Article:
SALT LAKE CITY — “Come not between the dragon and its wrath,” shouts King Lear after his youngest daughter, Cordelia, displeases him. The aged king’s wrath and his powerless responses to adversity are the subject of one of Shakespeare’s most enduring plays. The Grassroots Shakespeare Company has decided to kick off 2017 with this tragedy. However, instead of a play full of wrath and dragonlike ferocity, this production is docile and tame.

Show closes January 21, 2017.

As in almost all Grassroots shows, the cast of 11 collaborated to create the show without a director. This centerpiece of the Grassroots artistic system can be a high-risk, high-reward endeavor, and the result in King Lear was mixed. Most noticeably, the tone of the play was inconsistent; the first half of the show was played like a Shakespeare comedy, while the latter half had a more appropriate tone for a tragedy. Without the building tension of the beginning of the play, the script loses emotion and gravitas. Additionally, the tragic events of the end of the show are robbed of most of their power.

In the title role, Kris Jennings was disappointing; never once in the play did I feel that her Lear had years of leadership and dignity in her past. This was noticeable, for example, when she seemed to enjoy the fool’s antics too much, instead of eventually losing patience. Instead of a “dragon,” Jennings’s Lear is passive and bland. Without the seriousness and weight of kingship, Lear’s fall and despair seem almost trivial. Additionally, Jennings stumbled over some of her lines and didn’t seem to have a parental relationship with Regan, Goneril, or Cordelia. Nonetheless, in the final scene when Lear sees the dead Cordelia, Jennings did manage to elicit genuine pathos as Lear mourned and then died.

Kris Jennings as King Lear.

My favorite performance in the cast was from McKenzie Steele Foster in the role of Goneril. Her elegant and smooth demeanor made it easy to believe her as a woman scheming for power. I especially appreciated her disdain for Lear after he relinquishes power, which made Goneril’s decision to turn Lear out of her home convincing. Caitlin Boyce, playing Regan, was an excellent contrast to Foster, mostly because of the way the character reveled in her cruelty towards the people who obstruct her path to power.

Most rewarding, though, was how both Foster and Boyce had excellent sexual chemistry with Bijan J. Hosseini in the role of Edmund. These three actors made the love triangle subplot an admirable example of how Shakespeare could develop secondary characters efficiently. I also enjoyed Hosseini’s periodic monologues that revealed the malevolent nature of his character, all of which reminded me of Edmund’s place (next to Richard III and Iago) as one of the Shakespeare’s most maniacal and evil characters.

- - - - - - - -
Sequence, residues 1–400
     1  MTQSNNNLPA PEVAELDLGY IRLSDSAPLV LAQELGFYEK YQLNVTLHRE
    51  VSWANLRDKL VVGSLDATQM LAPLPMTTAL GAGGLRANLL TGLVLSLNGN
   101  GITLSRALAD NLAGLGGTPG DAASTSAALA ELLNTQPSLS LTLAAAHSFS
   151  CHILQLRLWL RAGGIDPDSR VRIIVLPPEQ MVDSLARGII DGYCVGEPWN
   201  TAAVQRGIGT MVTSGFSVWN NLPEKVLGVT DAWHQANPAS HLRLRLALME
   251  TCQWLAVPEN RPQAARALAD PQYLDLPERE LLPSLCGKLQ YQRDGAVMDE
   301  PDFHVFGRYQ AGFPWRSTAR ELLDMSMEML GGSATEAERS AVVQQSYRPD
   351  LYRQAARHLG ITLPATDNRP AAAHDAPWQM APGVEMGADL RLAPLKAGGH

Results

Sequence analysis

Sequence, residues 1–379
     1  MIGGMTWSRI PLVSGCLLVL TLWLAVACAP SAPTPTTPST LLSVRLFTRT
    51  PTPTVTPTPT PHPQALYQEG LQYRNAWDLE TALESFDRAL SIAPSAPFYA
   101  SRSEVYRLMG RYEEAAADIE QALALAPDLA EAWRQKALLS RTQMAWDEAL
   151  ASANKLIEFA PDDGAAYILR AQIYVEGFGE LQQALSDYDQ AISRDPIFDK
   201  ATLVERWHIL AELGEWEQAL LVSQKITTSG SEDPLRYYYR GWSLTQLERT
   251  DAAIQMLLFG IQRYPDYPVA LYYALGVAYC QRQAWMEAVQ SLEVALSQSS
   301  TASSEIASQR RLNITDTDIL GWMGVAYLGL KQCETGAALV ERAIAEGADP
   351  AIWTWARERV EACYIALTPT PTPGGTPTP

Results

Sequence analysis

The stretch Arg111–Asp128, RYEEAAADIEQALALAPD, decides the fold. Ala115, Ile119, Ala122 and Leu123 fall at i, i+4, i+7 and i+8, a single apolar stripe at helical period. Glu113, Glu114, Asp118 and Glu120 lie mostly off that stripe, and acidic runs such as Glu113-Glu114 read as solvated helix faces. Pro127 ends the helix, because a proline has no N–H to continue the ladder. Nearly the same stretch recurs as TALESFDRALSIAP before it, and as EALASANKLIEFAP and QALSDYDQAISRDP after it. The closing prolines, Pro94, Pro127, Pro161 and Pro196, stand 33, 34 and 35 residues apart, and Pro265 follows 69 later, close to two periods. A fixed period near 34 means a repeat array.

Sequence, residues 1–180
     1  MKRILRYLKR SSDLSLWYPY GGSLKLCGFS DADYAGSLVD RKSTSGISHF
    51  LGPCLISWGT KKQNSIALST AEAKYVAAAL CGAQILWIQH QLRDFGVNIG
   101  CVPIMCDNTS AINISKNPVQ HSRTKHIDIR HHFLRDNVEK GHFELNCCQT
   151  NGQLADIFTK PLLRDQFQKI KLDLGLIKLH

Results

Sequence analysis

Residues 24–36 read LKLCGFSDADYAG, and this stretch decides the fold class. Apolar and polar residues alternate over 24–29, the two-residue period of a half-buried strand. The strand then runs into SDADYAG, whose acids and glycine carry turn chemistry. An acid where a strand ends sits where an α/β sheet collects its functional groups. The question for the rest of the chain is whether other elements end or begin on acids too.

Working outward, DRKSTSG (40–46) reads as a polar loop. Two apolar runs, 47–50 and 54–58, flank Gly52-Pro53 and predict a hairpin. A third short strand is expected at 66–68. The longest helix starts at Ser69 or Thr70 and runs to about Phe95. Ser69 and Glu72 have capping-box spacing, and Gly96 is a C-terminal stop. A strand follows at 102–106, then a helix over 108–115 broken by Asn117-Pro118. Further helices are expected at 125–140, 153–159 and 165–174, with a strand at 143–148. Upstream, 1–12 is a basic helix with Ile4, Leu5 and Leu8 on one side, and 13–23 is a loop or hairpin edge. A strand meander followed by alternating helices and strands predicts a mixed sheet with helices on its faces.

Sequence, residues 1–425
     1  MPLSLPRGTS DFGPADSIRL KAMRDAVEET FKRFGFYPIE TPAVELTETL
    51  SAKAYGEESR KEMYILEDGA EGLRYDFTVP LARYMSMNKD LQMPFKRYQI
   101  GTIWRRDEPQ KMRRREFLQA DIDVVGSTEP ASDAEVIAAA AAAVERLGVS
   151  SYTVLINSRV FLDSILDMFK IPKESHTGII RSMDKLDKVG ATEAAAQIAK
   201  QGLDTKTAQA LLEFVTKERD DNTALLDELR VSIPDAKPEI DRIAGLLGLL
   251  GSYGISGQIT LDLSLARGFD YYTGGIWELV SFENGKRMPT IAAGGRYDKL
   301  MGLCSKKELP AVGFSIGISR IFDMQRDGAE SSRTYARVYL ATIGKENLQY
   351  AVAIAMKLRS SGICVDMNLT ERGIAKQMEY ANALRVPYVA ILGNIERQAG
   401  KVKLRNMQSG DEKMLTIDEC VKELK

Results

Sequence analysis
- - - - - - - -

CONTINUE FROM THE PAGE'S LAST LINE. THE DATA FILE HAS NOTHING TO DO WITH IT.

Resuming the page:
Unfortunately, none of the other cast members provided a memorable performance. King Lear provides many opportunities for actors to show profound reactions to almost unimaginably painful situations. But whether it was betraying a family member, reacting to madness, or showing compassion to a hurt man, most cast members missed their chance to display some emotional depth. The result was a King Lear that failed to live up to the script’s potential.

One of the hardest things for a Grassroots show to pull off is a unified costuming scheme. About half the costumes in King Lear consisted of modern articles of clothing, while the other half of the costumes were more Renaissance in appearance. The more classical costumes were some of the loveliest ever seen on the Grassroots stage, especially Hosseini’s ornate tunic and masculine boots and Brooke Bolick’s charming white dress as she played Cordelia. The unfortunate downside is that these lovely costumes made the more mundane modern clothes that Jennings or Addison Radle (in the role of Gloucester) wore seem bland and disappointing.

King Lear is one of Shakespeare’s most challenging plays to mount. Although this production was not ideal, it is a pleasant enough introduction to King Lear. Grassroots never fails to make Shakespeare accessible, so most audience members looking to experience one of Shakespeare’s most famous tragedies for the first time will be satisfied. However, most diehard Shakespeare fans have probably seen better productions of King Lear and can probably safely skip this one.

The Grassroots Shakespeare Company production of King Lear plays at 7:30 PM on January 7 at the Salt Lake Masonic Temple Gothic Room (4th floor, 650 E. South Temple, Salt Lake City) and on Fridays and Saturdays through January 21, with an additional performance on January 9 at the Clubhouse (850 E. South Temple, Salt Lake City). Tickets are $12-15. For more information, visit